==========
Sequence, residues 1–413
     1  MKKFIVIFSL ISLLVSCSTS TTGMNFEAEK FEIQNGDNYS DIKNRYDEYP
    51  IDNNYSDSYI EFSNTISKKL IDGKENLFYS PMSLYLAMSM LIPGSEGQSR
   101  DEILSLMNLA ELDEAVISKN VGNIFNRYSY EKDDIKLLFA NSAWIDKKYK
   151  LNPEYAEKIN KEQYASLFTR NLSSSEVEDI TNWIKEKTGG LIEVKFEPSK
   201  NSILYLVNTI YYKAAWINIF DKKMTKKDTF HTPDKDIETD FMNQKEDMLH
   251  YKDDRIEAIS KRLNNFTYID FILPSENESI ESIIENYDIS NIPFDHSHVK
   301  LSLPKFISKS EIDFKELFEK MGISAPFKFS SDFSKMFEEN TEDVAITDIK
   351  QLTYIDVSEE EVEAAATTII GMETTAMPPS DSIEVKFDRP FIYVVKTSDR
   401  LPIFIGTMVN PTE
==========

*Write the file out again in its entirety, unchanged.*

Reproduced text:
Sequence, residues 1–413
     1  MKKFIVIFSL ISLLVSCSTS TTGMNFEAEK FEIQNGDNYS DIKNRYDEYP
    51  IDNNYSDSYI EFSNTISKKL IDGKENLFYS PMSLYLAMSM LIPGSEGQSR
   101  DEILSLMNLA ELDEAVISKN VGNIFNRYSY EKDDIKLLFA NSAWIDKKYK
   151  LNPEYAEKIN KEQYASLFTR NLSSSEVEDI TNWIKEKTGG LIEVKFEPSK
   201  NSILYLVNTI YYKAAWINIF DKKMTKKDTF HTPDKDIETD FMNQKEDMLH
   251  YKDDRIEAIS KRLNNFTYID FILPSENESI ESIIENYDIS NIPFDHSHVK
   301  LSLPKFISKS EIDFKELFEK MGISAPFKFS SDFSKMFEEN TEDVAITDIK
   351  QLTYIDVSEE EVEAAATTII GMETTAMPPS DSIEVKFDRP FIYVVKTSDR
   401  LPIFIGTMVN PTE